By analogy, how would you know what danger feels like if you've never been exposed to it? You could write a whole essay about it and how people behave when confronted with danger, but unless one has experienced it, they are still missing something of importance that cannot be relayed in text. Am I making any sense?

But jrm you're a scientific materialist... Consciousness is a brain phenomenon, right? so there's no there there when it comes to Good and Evil. it can always, only, in every situation be a social construct.
 
But jrm you're a scientific materialist... Consciousness is a brain phenomenon, right? so there's no there there when it comes to Good and Evil. it can always, only, in every situation be a social construct.

There's a miscommunication happening someplace. Perhaps it might help to point out that whether or not consciousness is a "brain phenomenon" is irrelevant to the two contexts of good and evil.
  1. An intellectually derived model.
  2. A sensory experience.
In other words, whether consciousness is considered to be a scientifically material phenomenon or not, sensory experience is still different from an intellectual analysis. That being said, I don't consider myself to be a scientific materialist anyway. My perspective on the nature of reality is out there on the borders between naturalism and physicalism — where physicalism is an evolution of classical materialism.

When it comes to consciousness and the brain, the evidence is so overwhelming that the brain is intimately involved, that only a fool or a subjective idealist would claim it's not. That being said, no philosophical or scientific model explains the existence of consciousness. Lots of people have some idea about what the word refers to, and some thinkers like Chalmers and Searle and Dennett have lots to say about it.

But nobody has an adequate explanation. When it comes to explanations for the existence of consciousness, I'm closer to being with the New Mysterians a.k.a. mysterianism. It aligns pretty well with my naturalist perspective. Ultimately, there is no explanation that can account for the existence of anything – including materials.

So from that perspective, it makes no difference what model one prefers. None provide the ultimate answer. The best we can do is accept that consciousness exists and map out the relationships between it and other things that exist ( and we also have no ultimate explanation for ).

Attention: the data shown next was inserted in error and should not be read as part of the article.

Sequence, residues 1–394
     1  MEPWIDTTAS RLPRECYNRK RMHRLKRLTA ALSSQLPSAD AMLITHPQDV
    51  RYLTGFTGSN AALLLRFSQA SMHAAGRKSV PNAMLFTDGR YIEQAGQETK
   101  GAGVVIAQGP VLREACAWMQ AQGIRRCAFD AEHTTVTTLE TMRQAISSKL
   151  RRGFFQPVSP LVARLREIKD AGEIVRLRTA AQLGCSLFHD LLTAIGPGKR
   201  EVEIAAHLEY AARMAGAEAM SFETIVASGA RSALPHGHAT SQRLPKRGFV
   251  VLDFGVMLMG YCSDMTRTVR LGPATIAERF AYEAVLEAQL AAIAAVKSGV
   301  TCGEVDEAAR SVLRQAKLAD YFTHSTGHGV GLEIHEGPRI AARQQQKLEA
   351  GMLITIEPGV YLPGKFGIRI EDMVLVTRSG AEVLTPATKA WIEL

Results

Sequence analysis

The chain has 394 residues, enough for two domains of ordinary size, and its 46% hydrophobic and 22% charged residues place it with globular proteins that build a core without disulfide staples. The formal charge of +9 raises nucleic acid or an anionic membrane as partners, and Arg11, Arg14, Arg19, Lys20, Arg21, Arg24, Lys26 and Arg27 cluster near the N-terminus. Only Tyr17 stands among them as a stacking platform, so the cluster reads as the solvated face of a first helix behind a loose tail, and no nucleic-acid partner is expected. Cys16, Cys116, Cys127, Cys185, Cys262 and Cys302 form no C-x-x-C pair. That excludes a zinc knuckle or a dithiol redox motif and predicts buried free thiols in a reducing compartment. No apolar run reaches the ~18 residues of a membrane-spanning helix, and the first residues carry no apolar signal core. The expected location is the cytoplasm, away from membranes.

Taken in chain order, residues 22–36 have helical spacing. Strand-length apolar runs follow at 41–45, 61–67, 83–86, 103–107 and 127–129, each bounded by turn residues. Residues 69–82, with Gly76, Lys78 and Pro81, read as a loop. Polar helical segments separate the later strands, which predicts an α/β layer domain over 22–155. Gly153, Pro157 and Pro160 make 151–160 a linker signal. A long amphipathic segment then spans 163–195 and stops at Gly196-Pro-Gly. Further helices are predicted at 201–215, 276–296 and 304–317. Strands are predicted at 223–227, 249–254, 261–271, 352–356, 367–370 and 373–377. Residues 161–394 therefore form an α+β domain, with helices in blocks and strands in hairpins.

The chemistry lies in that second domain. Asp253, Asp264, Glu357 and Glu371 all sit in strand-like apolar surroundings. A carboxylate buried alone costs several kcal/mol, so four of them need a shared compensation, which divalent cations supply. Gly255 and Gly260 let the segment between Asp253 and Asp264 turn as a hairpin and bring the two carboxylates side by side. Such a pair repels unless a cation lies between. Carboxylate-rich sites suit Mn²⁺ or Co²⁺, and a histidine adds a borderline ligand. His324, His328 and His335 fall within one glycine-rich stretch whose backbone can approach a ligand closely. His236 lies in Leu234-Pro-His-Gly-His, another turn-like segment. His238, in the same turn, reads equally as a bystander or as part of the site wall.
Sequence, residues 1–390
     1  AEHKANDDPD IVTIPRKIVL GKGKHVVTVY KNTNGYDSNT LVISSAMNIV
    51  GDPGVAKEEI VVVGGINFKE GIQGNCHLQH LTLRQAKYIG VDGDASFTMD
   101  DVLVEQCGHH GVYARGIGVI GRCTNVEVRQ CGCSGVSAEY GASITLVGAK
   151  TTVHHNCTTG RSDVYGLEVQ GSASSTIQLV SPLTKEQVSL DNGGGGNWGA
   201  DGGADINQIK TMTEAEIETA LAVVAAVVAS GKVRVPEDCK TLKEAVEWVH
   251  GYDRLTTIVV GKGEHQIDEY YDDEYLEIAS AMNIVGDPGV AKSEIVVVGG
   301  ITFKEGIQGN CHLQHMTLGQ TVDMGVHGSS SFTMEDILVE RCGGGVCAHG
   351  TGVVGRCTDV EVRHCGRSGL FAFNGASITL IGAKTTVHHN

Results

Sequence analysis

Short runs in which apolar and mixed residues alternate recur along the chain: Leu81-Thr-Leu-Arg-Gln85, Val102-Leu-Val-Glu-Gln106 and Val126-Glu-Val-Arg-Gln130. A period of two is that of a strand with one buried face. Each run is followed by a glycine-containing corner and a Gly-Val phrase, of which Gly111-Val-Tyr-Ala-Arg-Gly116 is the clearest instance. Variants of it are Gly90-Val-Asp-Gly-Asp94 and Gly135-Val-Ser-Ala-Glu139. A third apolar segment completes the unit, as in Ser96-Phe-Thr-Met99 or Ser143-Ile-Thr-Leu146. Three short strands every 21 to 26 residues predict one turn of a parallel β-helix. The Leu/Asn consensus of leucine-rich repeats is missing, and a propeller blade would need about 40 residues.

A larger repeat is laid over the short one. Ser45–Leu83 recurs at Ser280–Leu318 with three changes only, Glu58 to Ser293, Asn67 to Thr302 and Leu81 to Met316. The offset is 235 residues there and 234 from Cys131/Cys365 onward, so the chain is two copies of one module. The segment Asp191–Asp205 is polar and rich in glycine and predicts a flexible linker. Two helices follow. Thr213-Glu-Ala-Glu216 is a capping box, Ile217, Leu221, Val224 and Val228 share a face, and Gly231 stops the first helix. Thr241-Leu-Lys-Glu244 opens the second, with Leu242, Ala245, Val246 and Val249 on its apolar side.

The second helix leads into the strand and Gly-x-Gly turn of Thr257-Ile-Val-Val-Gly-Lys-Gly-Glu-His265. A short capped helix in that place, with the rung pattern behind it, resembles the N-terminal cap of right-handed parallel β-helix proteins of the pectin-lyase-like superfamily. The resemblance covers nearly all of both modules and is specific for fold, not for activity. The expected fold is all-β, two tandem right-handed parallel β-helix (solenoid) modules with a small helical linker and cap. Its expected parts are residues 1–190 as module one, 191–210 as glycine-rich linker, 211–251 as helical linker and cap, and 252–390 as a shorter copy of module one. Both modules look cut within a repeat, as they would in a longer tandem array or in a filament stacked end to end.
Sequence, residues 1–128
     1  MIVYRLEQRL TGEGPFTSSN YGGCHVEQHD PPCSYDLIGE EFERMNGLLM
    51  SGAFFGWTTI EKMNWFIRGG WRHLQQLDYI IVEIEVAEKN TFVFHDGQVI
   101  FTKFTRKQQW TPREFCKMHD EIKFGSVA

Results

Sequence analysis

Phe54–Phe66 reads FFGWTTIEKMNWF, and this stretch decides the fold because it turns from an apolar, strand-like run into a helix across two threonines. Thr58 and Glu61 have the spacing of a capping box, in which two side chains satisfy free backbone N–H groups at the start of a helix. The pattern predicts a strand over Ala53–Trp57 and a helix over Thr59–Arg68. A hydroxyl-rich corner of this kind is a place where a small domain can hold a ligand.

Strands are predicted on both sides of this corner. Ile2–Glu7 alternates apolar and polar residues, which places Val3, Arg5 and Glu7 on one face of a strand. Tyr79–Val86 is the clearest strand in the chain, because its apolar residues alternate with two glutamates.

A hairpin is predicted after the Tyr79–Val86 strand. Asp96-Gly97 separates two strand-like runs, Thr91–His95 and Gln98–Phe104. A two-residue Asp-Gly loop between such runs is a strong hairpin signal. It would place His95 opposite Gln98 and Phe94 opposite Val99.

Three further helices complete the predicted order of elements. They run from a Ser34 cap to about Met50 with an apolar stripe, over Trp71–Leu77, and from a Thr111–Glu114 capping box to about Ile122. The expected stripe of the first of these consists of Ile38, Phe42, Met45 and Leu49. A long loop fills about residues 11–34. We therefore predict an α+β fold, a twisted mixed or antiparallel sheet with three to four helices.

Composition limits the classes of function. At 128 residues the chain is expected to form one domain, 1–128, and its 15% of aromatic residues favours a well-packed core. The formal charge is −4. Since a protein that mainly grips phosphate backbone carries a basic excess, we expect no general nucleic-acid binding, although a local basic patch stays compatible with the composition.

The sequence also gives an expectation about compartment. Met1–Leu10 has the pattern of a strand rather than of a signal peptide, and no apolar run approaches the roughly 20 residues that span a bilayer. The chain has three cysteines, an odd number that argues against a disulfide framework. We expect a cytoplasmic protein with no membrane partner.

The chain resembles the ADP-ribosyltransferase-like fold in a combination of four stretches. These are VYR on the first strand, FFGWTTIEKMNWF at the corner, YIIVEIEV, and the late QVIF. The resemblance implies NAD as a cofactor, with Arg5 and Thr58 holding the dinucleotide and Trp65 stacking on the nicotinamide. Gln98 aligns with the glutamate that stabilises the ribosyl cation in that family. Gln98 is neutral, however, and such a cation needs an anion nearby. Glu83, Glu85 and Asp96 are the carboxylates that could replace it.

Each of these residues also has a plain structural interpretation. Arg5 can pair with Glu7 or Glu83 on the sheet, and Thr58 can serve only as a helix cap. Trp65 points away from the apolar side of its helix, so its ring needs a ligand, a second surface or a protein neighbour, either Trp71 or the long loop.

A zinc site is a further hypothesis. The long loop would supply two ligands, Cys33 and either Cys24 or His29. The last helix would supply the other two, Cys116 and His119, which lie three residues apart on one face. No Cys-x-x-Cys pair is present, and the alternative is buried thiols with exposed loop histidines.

In other words, placing consciousness into a "spiritual" or holistic or reductive or ( insert your prefered model here ), doesn't do anything to move us closer to what the truth is about the fundamental nature of consciousness. I would however contend, that some models are more coherent than others, and can at least help us determine what isn't the case about some concepts e.g. certain notions about afterlives.
 
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whether or not consciousness is a "brain phenomenon" is irrelevant to the two contexts of good and evil.

I think you and I have been through this a bunch of times... and of course this has been a much-discussed topic on many many shows.

So if Consciousness is a brain phenomenon then, despite a lot of arm waving, Consciousness is essentially an illusion. it has no agency as the cool kids like to say. it can't really do anything. any discussion of good or evil gets thrown into the laps of the social scientists.
 
I think you and I have been through this a bunch of times ...
We've touched on it a couple places, but never really hashed it out. There's always a disconnect. I'd like to see us get past that.
and of course this has been a much-discussed topic on many many shows.
Yet it remains unresolved — so I figured why not see if we can get past the roadblock?
So if Consciousness is a brain phenomenon then, despite a lot of arm waving,
I'm not certain what you mean by "a lot of arm waving". Are you sure you don't mean "hand-waving"? Arm waving would be attention getting, whereas hand-waving would be ignoring the points made by others. Or maybe you mean something else?
Consciousness is essentially an illusion.
When it comes to consciousness being an illusion, philosophers don't typically mean that to be taken synonymously with nonexistent.
... it has no agency as the cool kids like to say. it can't really do anything.
When one follows that particular path, the question becomes one of how something non-material, like consciousness, is able to affect a material system. If some people interpret that as you have put it, then they haven't thought about it enough. Either that or they don't get the significance of the situation.
... any discussion of good or evil gets thrown into the laps of the social scientists.
That would be a hand wave on their part ( of the sensory aspect of the phenomenon ). As was outlined at the beginning, whether or not consciousness is an illusion, or a "brain phenomenon" is entirely beside the point of whether or not we can sense good and evil, because we still sense the world around us, and our senses have an effect on our behavior. I'm pretty sure that we can get a whole auditorium of medical scientists to agree with that.

What we'd have a harder time doing is getting them to agree that people can sense good and evil. We could probably get them to agree that people can sense danger, provided that some sort of verifiable danger is apparent to the subject's other senses. Where the divide would start is when we ask how many believe that people can sense danger before it's detected by the other senses.

Finally, I suspect that an even larger portion would drop out if you asked how many believe that people can sense evil and goodness — just like a good many probably don't believe people can see auras. So to be clear, at this juncture, I'm in the camp that says, Yes — evil can be sensed, not unlike danger, before it becomes apparent to our other senses.